Front Page


The end of an era

ALL good things come to an end, and it’s no different for one of the annual highlights from Treloar Roses.

The Bolwarra rose grower, Australia’s largest, has decided to end production of its annual colour catalogue, an institution since 1966.

It means rose lovers will have to go online to to get their fix of what Treloar is offering for sale.

But it’s hard news for traditionalists who love perhaps the most traditional of flowers.

Treloar Roses director Gary Matuschka said it was not a decision taken lightly.

“The arrival of the colour catalogue in the mail has been a highlight of the rose year to most gardeners,” he said.

“For some time, we have been conscious of the large environmental footprint caused by the printing our 108-page catalogue.

“Not only in creating and printing but also the transportation of the final product. 

“In an age of technology, we find this is not a justified use of resources.

“Customer shopping habits have changed over the past decade and we must, as a company, change and improve with them.

“During the 2020 season we experienced a large increase in customer volume with the majority of orders being completed online.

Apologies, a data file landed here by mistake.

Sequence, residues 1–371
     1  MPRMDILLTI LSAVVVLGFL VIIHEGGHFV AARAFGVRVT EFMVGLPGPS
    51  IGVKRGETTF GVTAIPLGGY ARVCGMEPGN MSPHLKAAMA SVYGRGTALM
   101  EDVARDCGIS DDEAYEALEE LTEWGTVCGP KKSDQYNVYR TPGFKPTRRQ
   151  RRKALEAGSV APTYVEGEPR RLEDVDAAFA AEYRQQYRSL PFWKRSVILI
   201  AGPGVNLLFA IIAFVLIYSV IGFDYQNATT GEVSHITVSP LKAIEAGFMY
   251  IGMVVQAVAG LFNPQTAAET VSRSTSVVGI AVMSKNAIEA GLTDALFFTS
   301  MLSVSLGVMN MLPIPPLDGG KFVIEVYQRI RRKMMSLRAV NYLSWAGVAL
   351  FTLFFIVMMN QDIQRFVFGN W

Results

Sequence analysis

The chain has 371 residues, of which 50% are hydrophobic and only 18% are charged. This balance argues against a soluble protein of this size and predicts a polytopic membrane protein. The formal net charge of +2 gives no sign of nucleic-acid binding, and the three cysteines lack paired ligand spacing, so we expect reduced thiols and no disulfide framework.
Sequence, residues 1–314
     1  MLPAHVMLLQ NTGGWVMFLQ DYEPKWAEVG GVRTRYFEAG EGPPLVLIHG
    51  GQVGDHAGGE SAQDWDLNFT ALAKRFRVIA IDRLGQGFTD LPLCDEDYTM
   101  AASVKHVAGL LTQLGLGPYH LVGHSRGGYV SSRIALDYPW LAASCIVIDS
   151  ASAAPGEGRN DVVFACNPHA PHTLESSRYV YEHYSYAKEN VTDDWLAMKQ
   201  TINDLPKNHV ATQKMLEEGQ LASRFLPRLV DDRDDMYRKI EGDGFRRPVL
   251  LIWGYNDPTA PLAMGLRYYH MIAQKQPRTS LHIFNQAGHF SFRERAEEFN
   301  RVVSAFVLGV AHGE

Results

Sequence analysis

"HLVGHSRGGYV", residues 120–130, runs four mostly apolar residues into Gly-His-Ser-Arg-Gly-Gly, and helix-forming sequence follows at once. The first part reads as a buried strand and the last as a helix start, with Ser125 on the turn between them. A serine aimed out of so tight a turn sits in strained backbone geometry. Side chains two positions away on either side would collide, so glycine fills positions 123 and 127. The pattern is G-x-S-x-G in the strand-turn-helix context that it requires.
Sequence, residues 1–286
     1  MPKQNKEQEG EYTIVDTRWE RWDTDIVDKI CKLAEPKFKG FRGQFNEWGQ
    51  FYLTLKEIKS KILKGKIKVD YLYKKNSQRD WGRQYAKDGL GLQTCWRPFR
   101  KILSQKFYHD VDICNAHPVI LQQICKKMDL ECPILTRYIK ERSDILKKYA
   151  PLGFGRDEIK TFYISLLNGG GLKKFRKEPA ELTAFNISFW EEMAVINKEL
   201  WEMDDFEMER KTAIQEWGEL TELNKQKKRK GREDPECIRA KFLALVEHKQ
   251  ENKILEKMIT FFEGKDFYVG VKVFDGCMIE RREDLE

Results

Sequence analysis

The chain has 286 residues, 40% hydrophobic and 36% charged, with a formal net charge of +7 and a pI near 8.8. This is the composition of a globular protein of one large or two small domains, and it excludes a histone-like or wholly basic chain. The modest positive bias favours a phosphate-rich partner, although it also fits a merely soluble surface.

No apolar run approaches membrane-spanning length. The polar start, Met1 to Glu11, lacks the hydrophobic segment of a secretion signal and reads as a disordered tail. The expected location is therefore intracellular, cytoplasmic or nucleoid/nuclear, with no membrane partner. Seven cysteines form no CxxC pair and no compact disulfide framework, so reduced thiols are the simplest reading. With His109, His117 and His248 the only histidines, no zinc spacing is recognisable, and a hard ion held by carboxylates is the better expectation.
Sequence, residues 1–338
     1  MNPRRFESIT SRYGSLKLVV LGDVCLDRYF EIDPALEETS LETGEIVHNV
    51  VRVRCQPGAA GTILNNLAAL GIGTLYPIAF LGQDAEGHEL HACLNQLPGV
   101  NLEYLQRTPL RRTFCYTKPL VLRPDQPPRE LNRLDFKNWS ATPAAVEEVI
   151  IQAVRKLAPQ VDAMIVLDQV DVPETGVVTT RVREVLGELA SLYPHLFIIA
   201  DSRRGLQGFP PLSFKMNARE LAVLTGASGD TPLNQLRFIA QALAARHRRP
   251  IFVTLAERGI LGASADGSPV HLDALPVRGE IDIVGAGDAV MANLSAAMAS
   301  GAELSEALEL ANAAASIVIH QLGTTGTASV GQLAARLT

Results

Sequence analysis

“Closing the book on this chapter allows us to focus on enhancing our customer’s experience.

“Our website has the flexibility to give more information, not only with general rose growing but also for each variety. 

“It also allows us to update the availability of each variety in real time and to give a confirmation at the time of ordering – an advantage not available to the printed order form.”

The move online “does not mean we are unavailable”.

“The friendly experienced staff are still only a phone call or email away to consult about anything rosy.  Or to take an order if you are uncomfortable ordering online.”

Over the years, the company had noticed a large increase in online activity by both retail and wholesale customers, especially in the past decade, Mr Matuschka said.

More than 98 per cent of orders were now completed online, following worldwide trends.

All Treloar Roses varieties were listed on the website, which was kept up to date with availability information throughout the year.

“2021 is shaping up to be quite busy, leading off a sold-out season in 2020 and we encourage anyone wanting to purchase bare root roses to order now to avoid disappointment,” Mr Matuschka said.

The 2021 new releases had just been added to their already extensive selection of more than 500 varieties.

Bare root rose plants can be ordered online or over the phone now and would be sent to customers from late May to August.

Get a year of access to Spectator or Observer for $208

Get this offer nowAlready a subscriber? Sign in

More From